Their task against the African giants was a daunting one before factoring in their threadbare squad and even eternally optimistic coach Johnny McKinstry stressed the situation was far from ideal.
“A few of our players ultimately only arrived in the last couple days, and some today again for the game on Saturday. So those have been challenges,” 29-year-old Northern Irishman McKinstry said on Friday.
After initially refusing to host the match, the Ivorian government reversed its decision amid assurances from Sierra Leone’s Football Association that none of its European and American-based players and staff had visited the country in the previous 21 days, the incubation period of the virus.
However, several Sierra Leonean-based staff members were prevented from travelling to the Ivory Coast, which has banned air travellers and all incoming flights from Sierra Leone.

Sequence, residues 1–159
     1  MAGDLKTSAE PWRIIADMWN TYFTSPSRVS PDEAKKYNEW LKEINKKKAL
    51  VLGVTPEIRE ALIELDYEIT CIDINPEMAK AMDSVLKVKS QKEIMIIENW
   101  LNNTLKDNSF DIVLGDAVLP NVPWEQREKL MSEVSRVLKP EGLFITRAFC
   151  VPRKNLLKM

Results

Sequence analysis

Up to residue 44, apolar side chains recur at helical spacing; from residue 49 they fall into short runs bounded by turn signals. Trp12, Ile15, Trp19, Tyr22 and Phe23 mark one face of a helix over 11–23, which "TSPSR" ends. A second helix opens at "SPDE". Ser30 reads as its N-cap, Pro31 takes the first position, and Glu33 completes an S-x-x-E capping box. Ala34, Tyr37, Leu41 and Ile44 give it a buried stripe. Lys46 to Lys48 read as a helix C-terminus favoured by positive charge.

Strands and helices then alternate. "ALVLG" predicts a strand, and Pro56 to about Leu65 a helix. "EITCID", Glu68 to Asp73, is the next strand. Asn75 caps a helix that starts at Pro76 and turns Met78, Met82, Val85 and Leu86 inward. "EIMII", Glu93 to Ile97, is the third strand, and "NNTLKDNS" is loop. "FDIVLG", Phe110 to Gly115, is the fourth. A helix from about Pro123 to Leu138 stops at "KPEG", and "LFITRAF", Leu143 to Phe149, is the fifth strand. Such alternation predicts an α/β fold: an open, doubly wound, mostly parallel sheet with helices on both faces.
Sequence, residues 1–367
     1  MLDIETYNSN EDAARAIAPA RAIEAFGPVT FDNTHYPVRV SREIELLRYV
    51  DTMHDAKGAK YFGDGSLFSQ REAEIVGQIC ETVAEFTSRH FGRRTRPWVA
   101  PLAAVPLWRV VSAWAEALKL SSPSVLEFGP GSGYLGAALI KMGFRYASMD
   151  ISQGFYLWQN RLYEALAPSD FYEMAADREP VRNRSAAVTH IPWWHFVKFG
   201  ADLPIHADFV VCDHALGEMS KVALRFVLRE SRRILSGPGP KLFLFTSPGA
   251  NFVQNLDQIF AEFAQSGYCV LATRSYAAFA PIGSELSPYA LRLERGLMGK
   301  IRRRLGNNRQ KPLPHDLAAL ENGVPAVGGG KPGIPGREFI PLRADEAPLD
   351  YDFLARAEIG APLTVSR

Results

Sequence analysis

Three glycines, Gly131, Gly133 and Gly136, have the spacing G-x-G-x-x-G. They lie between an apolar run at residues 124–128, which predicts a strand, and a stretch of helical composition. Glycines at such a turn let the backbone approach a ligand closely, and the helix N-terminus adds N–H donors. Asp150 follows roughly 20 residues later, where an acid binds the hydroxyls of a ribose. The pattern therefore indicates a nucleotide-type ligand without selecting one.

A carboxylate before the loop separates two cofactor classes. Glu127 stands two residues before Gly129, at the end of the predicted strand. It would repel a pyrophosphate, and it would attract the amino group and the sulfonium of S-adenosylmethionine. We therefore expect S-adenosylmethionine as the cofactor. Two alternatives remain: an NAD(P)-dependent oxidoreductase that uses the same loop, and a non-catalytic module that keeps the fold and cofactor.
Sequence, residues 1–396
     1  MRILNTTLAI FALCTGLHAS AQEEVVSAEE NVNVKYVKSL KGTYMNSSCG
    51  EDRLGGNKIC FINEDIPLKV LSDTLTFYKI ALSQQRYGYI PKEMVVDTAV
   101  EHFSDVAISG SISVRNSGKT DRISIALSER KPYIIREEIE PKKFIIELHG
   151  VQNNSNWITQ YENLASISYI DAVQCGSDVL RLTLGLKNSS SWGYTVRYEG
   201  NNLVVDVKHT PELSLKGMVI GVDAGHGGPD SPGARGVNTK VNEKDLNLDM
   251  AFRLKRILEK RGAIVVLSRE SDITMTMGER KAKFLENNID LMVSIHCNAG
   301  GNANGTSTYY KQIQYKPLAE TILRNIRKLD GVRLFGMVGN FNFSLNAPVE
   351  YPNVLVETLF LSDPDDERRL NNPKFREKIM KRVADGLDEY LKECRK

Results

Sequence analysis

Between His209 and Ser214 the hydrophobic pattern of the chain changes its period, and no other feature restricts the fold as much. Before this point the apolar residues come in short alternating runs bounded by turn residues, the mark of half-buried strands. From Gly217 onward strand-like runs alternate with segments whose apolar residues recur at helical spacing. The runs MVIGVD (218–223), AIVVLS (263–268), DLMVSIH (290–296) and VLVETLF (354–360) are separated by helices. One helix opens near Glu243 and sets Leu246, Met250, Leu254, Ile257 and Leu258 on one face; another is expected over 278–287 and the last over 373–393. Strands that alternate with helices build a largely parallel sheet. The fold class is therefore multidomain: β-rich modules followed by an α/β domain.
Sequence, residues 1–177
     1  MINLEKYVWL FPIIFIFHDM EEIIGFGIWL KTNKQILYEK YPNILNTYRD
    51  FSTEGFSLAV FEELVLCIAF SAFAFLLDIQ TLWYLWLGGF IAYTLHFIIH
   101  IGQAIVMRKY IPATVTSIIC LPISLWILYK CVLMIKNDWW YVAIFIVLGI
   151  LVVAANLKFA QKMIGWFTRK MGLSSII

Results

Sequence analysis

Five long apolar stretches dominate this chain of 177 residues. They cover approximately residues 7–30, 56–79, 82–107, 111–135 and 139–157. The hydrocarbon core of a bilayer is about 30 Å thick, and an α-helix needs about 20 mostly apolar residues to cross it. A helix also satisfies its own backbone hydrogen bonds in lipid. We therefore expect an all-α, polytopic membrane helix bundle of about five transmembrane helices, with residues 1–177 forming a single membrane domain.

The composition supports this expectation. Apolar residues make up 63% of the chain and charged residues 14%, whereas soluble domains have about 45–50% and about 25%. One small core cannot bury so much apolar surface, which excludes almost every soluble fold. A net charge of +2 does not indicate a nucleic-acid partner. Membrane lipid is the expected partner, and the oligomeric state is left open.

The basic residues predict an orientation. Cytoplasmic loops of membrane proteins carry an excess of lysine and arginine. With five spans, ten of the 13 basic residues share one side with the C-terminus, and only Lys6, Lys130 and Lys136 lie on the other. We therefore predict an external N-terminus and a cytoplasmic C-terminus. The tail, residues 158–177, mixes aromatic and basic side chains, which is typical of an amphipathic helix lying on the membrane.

Of the affected countries, Sierra Leone has been the hardest-hit, with 1,107 confirmed cases – including 430 deaths as of Thursday – according to the World Health Organisation.
The outbreak also means Sierra Leone will be forced to play all their matches at neutral venues with Wednesday’s ‘home’ qualifier against the Democratic Republic of Congo to be held in the Congolese city of Lubumbashi.
McKinstry insisted his players would use the situation as motivation.
“We want to make sure that there is a positive image of Sierra Leone displayed,” he said.
“And there wouldn’t be a bit more positive image displayed than the Leone Stars being in Morocco in 2015 to bring the world’s attention on Sierra Leone for the right reasons.”
(Reporting by Aaron Ross, Writing by Tom Hayward, editing by Ed Osmond)